Tuesday, May 30, 2006

Open Sesame: Doors Open Toronto

The weather was my bitch this weekend - it submitted so completely that I rarely had to unholster my cat-o-nine-tails.

And boy did we take advantage.

Toronto kindly opened its doors to all sorts of unsavoury characters this weekend, Jason and I among them. Supposedly we were to admire the city's impressive architecture, but we secretly toured only the cool places. Of 144 sites with doors wide open, we managed to visit 7. And we did good. All told, we walked nearly 40km in 2 days, and while this sets no records, it did take my 10 day old sandals and age them to approximately 16 years. And for a flat-footed soul like me, that's saying a lot.

Early starts were no problem since I've "conveniently" been waking up about 4:30. This means that by 10:30 on Saturday morning, Jason was chugging back beer at the Steam Whistle Brewery. Tim, the hottie tour guide, or Good Beer Folk, encouraged us to "smell the hops" which I'm pretty sure is a euphemism that I just wasn't getting. Despite the free samples, we left pretty cranky between the two of us - Jason wanted to toot the steam whistle, and I wanted to ride the little trains, but oh no, "This is for children only, ma'am", I was told, which I'm pretty sure is code for "Get your fat ass out of here." Either way, Jason was quite bemused that the tiny trains were actually powered by coal - the kind you buy at the grocery store for you grill, but still. Underneath this historic roundhouse now converted into a micro-brewery sits 10 levels of unhistoric parking garage...and possibly a top secret CSIS lab...or not.

The brewery sits in the shadows of the CN tower and the Rogers Centre so we squeezed between them (and about eleventy billion sweaty tourists) to get to the CBC building for an exciting tour of television studios. In reality, what we saw was a not so exciting tour of big empty rooms where cool stuff happens only when they're not open to the public. In fact, the big empty rooms were only distinguishable by the tour guides who assured us that they were either slightly bigger, or slightly smaller, or slightly to the left of all the others. They were all empty except for lights, but the guides really talk a big game. Royal Canadian Air Farce is sometimes here! Olympics coverage is sometimes here! Elephants and helicopters are sometimes here! (sometimes meaning not now...never now). And we tried our best to look impressed. I think we failed. But we were sufficiently grossed out to learn that the donuts from the coffee shop set are a year old and still going strong. They've basically pickled themselves at this point.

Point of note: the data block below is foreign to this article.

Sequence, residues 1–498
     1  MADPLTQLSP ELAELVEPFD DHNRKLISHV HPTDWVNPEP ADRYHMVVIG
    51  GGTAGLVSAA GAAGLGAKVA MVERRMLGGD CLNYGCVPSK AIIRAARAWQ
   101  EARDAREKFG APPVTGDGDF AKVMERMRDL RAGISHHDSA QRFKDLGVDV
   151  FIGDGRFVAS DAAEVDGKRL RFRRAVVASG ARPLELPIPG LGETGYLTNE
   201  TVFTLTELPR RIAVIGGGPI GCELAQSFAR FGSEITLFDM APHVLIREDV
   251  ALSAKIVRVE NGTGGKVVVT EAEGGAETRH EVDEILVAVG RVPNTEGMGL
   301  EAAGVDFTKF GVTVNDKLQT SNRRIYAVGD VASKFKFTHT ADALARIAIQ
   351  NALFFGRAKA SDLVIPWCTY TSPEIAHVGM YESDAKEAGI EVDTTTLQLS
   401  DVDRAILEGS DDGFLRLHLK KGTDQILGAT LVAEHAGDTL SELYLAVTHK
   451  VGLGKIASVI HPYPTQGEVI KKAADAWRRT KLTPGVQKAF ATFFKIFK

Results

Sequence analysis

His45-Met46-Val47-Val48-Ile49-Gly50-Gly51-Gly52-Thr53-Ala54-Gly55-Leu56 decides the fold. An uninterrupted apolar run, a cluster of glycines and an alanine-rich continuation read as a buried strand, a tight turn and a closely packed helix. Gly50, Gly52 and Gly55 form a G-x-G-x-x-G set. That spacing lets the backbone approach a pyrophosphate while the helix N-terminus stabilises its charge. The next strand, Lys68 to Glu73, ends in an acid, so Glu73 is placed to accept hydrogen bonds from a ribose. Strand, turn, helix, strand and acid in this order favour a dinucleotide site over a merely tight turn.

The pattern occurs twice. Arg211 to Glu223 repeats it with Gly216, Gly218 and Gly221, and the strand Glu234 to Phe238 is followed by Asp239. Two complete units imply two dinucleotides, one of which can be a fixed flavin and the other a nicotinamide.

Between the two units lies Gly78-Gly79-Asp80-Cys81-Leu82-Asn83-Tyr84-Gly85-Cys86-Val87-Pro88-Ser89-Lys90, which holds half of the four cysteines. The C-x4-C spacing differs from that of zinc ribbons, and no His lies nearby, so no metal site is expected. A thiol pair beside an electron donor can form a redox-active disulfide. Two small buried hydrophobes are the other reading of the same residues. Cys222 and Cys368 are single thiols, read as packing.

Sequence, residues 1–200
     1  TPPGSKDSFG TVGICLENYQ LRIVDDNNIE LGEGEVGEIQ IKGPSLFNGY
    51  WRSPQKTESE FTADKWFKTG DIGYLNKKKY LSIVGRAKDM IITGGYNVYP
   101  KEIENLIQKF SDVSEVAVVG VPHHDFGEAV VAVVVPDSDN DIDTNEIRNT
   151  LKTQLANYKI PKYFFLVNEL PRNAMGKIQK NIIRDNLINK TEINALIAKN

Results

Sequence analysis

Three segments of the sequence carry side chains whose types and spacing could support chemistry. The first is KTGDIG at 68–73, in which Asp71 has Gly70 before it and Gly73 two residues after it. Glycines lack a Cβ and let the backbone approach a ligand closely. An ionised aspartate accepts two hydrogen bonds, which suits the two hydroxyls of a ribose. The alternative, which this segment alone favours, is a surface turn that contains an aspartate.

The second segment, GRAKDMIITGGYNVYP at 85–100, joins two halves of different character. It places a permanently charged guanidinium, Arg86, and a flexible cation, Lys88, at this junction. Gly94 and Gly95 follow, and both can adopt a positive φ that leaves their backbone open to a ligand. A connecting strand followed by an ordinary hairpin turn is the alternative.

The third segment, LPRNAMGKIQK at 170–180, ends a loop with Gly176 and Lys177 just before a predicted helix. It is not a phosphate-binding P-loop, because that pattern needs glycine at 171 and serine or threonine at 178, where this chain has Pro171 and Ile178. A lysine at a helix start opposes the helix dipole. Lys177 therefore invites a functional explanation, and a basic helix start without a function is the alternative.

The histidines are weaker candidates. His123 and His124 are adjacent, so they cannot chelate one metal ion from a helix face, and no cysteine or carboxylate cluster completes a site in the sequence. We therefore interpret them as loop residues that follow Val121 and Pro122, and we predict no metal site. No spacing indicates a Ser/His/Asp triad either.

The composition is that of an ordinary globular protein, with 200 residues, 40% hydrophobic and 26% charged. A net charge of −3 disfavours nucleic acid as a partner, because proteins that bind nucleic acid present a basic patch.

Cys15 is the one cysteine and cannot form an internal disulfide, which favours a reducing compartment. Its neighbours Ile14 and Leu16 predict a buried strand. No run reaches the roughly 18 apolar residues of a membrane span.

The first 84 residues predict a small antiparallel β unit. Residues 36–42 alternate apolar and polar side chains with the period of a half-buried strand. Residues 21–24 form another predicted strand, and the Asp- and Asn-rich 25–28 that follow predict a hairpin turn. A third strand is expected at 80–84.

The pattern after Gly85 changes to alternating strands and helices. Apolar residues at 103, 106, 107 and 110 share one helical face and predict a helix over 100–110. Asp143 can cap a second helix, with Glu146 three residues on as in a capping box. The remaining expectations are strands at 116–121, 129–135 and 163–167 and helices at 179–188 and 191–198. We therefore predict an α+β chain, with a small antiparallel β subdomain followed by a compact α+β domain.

In the lobby there was a 'meet & greet' of CBC "celebrities", none of which we'd ever heard of before. Admittedly, we're not big TV people. But upon closer inspection, I realized that in fact, Strombo himself, maybe the only person worth turning on the boob tube for, was sitting on the panel. I have loved George Stroumboulopoulous since well before The Hour, and some woman with a headset was very insistent that I not be shy and go on up to collect some autographs. Despite the fact that Jason almost swallowed his tongue over this remark, the woman apparently had no idea how close she came to the famous Jamie Tongue-Lashing. In the end, I chose to neither greet nor meet George. No disrespect, but I think autographs are just signatures. It's just a name on paper. Who the fuck cares? And should I stand in line to say "Hey, I like your show" so he can say "Thanks" with as much sincerity as he can muster 80 dozen times in a row? Okay, so I'm a total cunt....the whole thing just leaves me a bit cold. However, I did stick around long enough to come across a pair of celebrities that would melt the frigid cockles of my heart.

Next we went to the distillery district where we toured a very old building that seemed only moments away from collapsing on us, and which smelled distinctly of hundreds of years worth of spilled whiskey. Not too bad at all.

And then off to Greek Town on Danforth, where we were summarily marched past and told to admire storefronts which apparently were extras in the movie My Big Fat Greek Wedding, or something like that. Then we sat our wearied souls at "the house of shish kebab" where we did not order shish kebabs, but did enjoy Greek salad and spanokopita while we watched cars on Danforth get expensive parking tickets. Har har har.

We had some drinks. And then we basically had some more drinks.

The good news is, we did get home, and safely. And a bit sunburned.

No comments: